I’ve been doing an “Introduction to Social Media for Attorney Marketing” luncheon seminar, and one thing that people have told me they really appreciate is that I start out by giving a definition of social media. We can’t seem to read 3 pages on the web without encountering the phrase “social media,” but do we really know what it is? Here’s how I define it.
Social Media Defined
Social media are nothing more than a special class of web sites — second-generation web sites, if you will. Think of first-generation web sites as those that are created by an authority of some sort (the New York Times, WebMD, Smith & Smith law firm) that publish information to the internet for you to come and read using a “top-down,” one-to-many publishing model. Second-generation, social media web sites, by contrast, are platforms that provide users the ability and tools to create and publish their own mini web sites or web pages. The content on these sites is not created from on high, but created by the participants — from the “bottom up” — using a many-to-many model. We become active participants in creating, commenting, rating and recommending content rather than passive consumers of it.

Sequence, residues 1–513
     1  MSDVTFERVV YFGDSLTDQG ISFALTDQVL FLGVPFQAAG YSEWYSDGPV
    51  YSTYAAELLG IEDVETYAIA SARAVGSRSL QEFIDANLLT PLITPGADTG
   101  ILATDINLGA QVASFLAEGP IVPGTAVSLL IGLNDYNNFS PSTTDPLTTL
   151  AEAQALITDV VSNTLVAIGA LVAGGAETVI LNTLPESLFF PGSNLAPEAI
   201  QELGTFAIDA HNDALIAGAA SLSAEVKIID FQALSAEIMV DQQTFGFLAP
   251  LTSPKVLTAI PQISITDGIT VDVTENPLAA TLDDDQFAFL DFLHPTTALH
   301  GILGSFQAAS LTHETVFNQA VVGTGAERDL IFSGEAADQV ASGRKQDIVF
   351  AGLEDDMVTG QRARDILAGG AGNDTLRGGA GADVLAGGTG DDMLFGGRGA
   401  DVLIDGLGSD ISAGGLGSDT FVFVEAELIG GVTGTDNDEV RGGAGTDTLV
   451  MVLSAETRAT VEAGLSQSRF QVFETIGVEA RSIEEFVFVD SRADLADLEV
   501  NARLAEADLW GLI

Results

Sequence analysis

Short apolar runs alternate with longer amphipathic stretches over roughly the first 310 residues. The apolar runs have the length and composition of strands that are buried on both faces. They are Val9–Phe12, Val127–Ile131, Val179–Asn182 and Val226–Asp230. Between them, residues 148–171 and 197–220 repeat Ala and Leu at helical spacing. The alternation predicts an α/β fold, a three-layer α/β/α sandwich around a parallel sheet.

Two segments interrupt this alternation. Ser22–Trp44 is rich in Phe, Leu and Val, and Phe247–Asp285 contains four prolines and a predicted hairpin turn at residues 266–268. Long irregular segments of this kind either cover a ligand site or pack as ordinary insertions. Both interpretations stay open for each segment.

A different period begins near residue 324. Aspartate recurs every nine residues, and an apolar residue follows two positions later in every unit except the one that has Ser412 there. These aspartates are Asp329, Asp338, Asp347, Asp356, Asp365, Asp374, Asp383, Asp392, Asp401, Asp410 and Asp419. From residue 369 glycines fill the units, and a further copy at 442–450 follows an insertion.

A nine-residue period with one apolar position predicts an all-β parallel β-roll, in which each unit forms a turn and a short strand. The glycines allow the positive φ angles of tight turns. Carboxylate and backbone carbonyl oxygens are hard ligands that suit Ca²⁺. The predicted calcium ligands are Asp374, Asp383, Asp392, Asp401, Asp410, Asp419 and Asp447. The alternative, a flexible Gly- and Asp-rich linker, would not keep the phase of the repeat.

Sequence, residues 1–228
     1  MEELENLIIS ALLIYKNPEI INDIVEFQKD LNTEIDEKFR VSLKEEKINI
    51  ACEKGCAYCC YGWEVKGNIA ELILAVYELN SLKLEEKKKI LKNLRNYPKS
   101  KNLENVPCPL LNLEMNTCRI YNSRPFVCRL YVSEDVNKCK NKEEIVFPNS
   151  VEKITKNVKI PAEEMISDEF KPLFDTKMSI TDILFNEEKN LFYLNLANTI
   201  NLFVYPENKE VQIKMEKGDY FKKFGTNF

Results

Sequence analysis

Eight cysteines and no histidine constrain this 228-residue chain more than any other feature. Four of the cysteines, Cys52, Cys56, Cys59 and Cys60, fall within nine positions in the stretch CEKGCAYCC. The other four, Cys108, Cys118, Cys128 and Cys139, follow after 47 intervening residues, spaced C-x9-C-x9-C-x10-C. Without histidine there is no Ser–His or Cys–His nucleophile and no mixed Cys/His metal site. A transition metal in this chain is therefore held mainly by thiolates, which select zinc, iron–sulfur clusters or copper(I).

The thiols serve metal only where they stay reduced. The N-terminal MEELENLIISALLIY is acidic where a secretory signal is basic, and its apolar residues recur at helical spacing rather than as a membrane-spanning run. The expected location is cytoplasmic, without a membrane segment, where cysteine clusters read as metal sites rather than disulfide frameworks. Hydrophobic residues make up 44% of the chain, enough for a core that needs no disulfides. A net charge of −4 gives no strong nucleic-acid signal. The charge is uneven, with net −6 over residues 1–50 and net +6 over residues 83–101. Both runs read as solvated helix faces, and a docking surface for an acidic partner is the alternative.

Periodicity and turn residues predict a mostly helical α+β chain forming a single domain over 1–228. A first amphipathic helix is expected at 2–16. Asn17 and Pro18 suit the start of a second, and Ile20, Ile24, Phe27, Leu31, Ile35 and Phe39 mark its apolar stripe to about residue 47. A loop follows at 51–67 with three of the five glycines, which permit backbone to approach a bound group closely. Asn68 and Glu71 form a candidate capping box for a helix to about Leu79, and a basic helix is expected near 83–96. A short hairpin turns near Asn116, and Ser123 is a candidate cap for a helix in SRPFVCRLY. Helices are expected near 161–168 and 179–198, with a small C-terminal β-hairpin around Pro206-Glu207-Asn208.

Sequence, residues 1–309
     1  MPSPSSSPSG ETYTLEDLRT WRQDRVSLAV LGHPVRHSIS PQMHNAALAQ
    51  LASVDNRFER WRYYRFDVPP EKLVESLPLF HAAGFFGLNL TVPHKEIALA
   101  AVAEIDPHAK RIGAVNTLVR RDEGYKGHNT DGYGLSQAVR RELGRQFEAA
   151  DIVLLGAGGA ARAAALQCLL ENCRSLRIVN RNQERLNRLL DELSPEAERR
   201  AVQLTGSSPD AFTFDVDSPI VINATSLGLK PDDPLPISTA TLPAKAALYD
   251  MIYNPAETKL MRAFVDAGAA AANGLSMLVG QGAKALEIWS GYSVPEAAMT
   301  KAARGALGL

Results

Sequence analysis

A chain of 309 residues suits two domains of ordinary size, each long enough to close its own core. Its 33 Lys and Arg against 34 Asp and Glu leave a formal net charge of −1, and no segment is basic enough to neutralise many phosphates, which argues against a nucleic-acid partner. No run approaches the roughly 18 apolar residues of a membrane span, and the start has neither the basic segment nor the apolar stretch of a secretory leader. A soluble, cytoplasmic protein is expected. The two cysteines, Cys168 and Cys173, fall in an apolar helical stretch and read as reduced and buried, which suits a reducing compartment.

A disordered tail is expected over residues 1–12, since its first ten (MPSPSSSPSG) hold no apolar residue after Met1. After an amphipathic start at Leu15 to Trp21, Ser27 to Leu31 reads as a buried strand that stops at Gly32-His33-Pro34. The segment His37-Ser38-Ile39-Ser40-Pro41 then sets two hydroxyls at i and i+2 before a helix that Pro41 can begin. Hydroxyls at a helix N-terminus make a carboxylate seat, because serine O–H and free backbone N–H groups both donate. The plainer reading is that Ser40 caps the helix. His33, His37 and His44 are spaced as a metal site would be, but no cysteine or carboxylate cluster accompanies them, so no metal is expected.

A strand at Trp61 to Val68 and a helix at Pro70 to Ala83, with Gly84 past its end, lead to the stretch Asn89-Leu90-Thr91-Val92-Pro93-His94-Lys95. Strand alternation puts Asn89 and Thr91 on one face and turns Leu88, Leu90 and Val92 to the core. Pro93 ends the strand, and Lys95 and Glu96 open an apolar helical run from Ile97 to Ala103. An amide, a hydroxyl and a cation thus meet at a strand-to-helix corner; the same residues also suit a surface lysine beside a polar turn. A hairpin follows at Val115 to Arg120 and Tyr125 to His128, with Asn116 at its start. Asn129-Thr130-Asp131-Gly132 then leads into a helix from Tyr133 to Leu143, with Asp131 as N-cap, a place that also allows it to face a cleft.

Social media sites have 3 defining characteristics.
- Majority of content is user generated
- High degree of participation/interaction between users
- Easily integrates with other sites
By this definition then, social media platforms include things like blogs (such as Blogger, WordPress, Typepad), social networking (Facebook, Linkedin), social bookmarking (Delicious, Stumble Upon) news sharing (Digg, Yahoo! Buzz) and photo and video sharing sites (Flickr, Vimio and YouTube). These are, of course, just a few examples.
As time goes on, these categories are blurring. In addition, traditional media (such as the New York Times) are enabling social media capabilities within their traditional publishing models creating a new kind of hybrid.
Hope that helps. If anyone has anything to add to this definition, please feel free to comment.